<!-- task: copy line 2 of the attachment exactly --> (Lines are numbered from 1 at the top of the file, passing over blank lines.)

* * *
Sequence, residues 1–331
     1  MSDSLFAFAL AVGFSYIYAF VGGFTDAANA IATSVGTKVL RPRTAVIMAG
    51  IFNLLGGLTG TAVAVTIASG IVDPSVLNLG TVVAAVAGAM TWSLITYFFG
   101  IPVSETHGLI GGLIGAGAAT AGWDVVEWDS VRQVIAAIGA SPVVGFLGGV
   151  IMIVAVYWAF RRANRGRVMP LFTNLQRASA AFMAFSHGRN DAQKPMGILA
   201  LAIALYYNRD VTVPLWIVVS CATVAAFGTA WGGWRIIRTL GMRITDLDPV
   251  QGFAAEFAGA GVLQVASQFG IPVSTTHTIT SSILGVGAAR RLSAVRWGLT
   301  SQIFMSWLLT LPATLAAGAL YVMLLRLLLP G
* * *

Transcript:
     1  MSDSLFAFAL AVGFSYIYAF VGGFTDAANA IATSVGTKVL RPRTAVIMAG